The Sociopath Next Door musings

This is not really a review. Given it's a commentary on a subsection of the population, it can't really be spoiled, but there is some expectation that you will either read it soon or have just read it.

Throughout this 'article', I'm using sociopath and psychopath interchangeably. People think there is a difference, but don't seem to agree on what that difference is. In this context, I'm using it as defined in the book, i.e. a person without conscience.

I do find it a curious point raised in the book that our culture glorifies sociopathy. Not necessarily just heroes, but the characters in the media we like to watch. The Joker, Hannibal, uh... Others. The movie Seven Psychopaths inadvertently shows us what is wrong with most of these interpretations, in that every "psychopath" is a cartoon version of a psychopath. In The Sociopath Next Door, it takes great pains to affirm that most sociopaths are not violent, but simply use people without remorse to get what they want.

Despite it railing against the ultra-violent psychopathic cartoon character, the book itself bases much of its musings about "Eastern" culture on a somewhat cartoon view of East Asia. Nonetheless, our own predilection towards sociopathic ideals does seem somewhat troubling.

For instance, flagrant abuse of social rules to get what you want is considered ok, as it is the victim's fault they succumbed to your advances. It is the poor's fault that they are poor. Responsibility is only as far as you can be legally held accountable, and only if you think that's likely. And so on.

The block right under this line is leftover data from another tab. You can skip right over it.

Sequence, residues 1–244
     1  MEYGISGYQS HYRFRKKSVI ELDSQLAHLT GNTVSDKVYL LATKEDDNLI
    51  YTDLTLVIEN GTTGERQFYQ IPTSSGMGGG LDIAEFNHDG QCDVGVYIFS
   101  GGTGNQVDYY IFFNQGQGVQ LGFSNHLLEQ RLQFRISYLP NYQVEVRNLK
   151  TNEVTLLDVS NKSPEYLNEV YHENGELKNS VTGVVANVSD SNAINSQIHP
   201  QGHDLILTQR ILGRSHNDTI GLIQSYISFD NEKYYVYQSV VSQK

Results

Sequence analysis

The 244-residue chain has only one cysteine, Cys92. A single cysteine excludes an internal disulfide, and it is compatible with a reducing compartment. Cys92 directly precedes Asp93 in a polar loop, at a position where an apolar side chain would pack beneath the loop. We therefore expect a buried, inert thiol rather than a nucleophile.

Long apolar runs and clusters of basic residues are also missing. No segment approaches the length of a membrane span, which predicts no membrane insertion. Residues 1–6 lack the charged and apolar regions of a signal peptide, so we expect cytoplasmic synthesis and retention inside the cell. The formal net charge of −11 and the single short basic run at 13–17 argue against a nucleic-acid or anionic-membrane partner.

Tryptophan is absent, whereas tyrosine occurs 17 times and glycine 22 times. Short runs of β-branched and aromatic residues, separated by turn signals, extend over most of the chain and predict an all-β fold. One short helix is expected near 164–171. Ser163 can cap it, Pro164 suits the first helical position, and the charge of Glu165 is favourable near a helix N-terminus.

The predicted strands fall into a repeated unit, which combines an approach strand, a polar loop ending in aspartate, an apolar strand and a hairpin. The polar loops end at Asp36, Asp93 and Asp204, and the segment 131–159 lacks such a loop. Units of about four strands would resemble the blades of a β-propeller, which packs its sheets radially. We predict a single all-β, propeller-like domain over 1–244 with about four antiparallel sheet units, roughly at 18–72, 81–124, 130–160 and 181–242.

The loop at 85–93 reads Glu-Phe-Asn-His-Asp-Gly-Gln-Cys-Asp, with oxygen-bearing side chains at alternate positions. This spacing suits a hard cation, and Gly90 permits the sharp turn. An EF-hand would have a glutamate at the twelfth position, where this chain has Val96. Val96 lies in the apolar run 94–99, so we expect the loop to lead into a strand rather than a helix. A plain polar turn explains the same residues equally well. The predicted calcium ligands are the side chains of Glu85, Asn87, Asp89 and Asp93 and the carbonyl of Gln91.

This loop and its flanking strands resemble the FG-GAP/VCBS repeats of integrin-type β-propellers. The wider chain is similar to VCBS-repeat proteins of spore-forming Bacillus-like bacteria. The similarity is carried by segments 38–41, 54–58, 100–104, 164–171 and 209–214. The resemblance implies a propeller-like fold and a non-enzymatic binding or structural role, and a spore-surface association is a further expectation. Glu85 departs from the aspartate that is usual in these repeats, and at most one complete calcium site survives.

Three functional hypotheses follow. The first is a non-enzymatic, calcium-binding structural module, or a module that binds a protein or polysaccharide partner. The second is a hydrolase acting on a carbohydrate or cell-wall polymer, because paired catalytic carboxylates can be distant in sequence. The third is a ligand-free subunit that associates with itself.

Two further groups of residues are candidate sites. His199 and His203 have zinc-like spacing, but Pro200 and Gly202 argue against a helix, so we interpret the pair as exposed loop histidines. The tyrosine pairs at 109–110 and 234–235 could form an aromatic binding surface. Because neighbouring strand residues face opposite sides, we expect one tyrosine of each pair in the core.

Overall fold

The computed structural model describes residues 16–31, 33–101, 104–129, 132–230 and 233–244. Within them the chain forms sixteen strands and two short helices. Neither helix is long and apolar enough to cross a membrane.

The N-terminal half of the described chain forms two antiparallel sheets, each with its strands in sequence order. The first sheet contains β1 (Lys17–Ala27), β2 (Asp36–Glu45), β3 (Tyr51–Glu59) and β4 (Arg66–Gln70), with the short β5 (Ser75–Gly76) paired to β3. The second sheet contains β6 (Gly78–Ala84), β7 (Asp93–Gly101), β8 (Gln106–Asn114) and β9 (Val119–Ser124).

Certainly, internet trolls seem to have a lot of sociopathic traits, and are held pretty much unaccountable for any anguish they cause. From inside that community, 'clever' operations are glorified, such that even relatively nice people might do them just for the attention or praise.

The book also points out that sociopaths abuse pity in normal people, which has made me personally more aware of when I'm using pity to get something. But it's also made me a lot more aware when it's happening to me. A few nights ago, a random woman joined our table at the local pub. She rather blatantly flopped between either trying to get us to pity her and one-upping us constantly. It made everyone involved very uncomfortable.

The book doesn't at all mention two sociopaths meeting, which I guess isn't really the point of the book. But it would be a curious study, perhaps a libertarian-eye-view of social interactions. Shame.

I had more points somewhere, but right now I'm punishing my liver for existing.

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